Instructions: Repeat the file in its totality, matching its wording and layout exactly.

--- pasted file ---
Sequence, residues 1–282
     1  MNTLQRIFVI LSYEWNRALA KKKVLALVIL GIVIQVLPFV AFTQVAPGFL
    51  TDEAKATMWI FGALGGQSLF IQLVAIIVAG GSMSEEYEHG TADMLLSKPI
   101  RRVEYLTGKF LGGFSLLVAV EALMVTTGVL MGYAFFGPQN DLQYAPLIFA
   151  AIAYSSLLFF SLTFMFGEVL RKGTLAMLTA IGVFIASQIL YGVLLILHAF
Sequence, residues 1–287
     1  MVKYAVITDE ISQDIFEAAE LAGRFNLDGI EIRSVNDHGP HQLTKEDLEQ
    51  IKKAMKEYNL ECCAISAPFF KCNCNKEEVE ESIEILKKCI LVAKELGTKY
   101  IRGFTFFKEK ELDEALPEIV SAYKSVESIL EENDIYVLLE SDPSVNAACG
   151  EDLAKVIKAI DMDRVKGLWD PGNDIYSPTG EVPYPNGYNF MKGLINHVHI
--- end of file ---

Sequence, residues 1–282
     1  MNTLQRIFVI LSYEWNRALA KKKVLALVIL GIVIQVLPFV AFTQVAPGFL
    51  TDEAKATMWI FGALGGQSLF IQLVAIIVAG GSMSEEYEHG TADMLLSKPI
   101  RRVEYLTGKF LGGFSLLVAV EALMVTTGVL MGYAFFGPQN DLQYAPLIFA
   151  AIAYSSLLFF SLTFMFGEVL RKGTLAMLTA IGVFIASQIL YGVLLILHAF
Sequence, residues 1–287
     1  MVKYAVITDE ISQDIFEAAE LAGRFNLDGI EIRSVNDHGP HQLTKEDLEQ
    51  IKKAMKEYNL ECCAISAPFF KCNCNKEEVE ESIEILKKCI LVAKELGTKY
   101  IRGFTFFKEK ELDEALPEIV SAYKSVESIL EENDIYVLLE SDPSVNAACG
   151  EDLAKVIKAI DMDRVKGLWD PGNDIYSPTG EVPYPNGYNF MKGLINHVHI